This post’s title is the answer to today’s sermons title. I still think you will get value from listening to one of both of them but I don’t mind spoilers now and then 🙂
In addition to the usual stuff, this week you also get a small example of how translation from one language to another can work, and one of the more dramatic examples of one sort of translation.
The “usual stuff” is a consideration of whether or not grace leads to license (see above for the short answer) and if it does not, why doesn’t it? One of the really significant reasons why is that grace is best understood as not being about the freedom from consequences, not being freedom from anything but rather a freedom to things. Paul is at great pains to help us see that in a mystical way we have been joined with Christ in his death and resurrection, through grace, and thus freed from the tyranny of sin. This freedom from sin is what frees us to become who we were meant to be and to do what we were meant to do.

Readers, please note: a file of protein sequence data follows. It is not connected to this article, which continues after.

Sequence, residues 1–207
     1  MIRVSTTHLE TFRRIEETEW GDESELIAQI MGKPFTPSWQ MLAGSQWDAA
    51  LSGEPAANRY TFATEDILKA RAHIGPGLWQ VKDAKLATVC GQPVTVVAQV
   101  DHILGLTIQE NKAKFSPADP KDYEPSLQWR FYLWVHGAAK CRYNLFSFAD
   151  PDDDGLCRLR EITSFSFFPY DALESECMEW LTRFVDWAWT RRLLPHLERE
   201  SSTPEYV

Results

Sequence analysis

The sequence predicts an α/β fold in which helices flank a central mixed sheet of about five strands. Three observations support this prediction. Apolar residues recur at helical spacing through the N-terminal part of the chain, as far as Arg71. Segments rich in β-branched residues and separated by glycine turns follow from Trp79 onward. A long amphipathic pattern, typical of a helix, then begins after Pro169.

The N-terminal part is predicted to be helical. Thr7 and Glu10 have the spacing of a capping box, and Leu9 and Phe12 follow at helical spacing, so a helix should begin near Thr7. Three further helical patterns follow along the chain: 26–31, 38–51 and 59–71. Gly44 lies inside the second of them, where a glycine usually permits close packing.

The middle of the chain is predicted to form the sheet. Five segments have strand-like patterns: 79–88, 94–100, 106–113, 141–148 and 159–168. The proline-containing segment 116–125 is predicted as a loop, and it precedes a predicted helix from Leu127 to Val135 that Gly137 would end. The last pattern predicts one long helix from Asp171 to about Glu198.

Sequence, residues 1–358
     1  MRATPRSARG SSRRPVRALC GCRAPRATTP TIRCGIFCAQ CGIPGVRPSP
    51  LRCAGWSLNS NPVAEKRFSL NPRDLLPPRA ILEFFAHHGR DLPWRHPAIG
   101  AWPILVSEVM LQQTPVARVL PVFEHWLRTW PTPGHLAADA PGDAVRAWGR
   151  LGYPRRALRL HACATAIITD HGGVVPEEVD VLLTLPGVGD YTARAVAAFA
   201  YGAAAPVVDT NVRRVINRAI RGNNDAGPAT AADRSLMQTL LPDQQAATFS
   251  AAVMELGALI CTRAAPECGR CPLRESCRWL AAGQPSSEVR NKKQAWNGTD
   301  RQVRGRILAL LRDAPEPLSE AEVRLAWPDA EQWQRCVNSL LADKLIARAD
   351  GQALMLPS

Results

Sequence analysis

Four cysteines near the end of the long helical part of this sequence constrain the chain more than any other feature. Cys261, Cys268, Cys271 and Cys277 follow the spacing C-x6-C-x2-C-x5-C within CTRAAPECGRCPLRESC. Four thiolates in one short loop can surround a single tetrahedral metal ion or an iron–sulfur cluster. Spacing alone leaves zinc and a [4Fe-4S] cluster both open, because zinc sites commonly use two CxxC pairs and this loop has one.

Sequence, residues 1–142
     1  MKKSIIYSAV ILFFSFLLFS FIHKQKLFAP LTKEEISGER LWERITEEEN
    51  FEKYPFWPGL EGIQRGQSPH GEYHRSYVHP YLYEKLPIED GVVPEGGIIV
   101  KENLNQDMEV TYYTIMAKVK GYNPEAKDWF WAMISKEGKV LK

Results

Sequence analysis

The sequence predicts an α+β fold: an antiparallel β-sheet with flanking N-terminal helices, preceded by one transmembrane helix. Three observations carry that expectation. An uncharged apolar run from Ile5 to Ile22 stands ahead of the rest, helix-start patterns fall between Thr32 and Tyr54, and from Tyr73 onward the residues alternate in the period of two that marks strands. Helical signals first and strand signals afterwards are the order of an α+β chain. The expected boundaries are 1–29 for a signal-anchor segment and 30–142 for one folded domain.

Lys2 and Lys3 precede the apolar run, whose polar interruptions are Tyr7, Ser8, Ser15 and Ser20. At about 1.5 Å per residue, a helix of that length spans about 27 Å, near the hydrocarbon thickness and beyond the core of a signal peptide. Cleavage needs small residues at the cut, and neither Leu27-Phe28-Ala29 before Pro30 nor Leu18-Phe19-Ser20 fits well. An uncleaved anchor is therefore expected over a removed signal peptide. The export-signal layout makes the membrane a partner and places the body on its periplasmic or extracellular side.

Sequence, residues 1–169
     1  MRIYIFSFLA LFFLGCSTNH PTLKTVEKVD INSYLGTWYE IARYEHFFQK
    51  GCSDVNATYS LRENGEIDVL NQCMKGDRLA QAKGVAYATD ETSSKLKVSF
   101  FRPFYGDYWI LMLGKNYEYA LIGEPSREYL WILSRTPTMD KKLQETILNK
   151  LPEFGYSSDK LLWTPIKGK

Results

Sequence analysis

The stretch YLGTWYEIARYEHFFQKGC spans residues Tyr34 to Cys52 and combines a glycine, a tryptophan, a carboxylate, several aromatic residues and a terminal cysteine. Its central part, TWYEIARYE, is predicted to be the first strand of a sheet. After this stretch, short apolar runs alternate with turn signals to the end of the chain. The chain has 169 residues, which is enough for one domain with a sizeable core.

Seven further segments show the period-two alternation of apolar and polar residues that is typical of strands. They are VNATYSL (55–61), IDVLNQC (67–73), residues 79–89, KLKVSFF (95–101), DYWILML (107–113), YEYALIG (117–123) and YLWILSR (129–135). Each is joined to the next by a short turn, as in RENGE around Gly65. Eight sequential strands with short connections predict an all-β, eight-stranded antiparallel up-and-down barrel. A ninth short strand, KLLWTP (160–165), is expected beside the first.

(If you are wondering where I was last week, the explanation, which included grace! is below)
Knox Presbyterian Is grace license? (to download, right click and select “Save Link As . . .”)
St. Mark’s Presbyterian Is grace license? (to download, right click and select “Save Link As . . .”)
I was not preaching last Sunday as I was recuperating from knee surgery. I have had a few of these over the years so the operation itself is not surprising, what is surprising is how everything went. From the first appointment with Dr. Jones, my orthopedic surgeon, to the MRI took about 8 weeks (May 23); from the MRI to see Dr. Jones to review and confirm the need for more cartilage work fifteen days (June 7); received a call from the hospital five days later (June 12) to ask if I can come in Friday June 16!; got a call Friday morning to ask if I could come in early. It doesn’t get any better than that and it never occurred to me to pray for any of those things . . . . it’s all grace.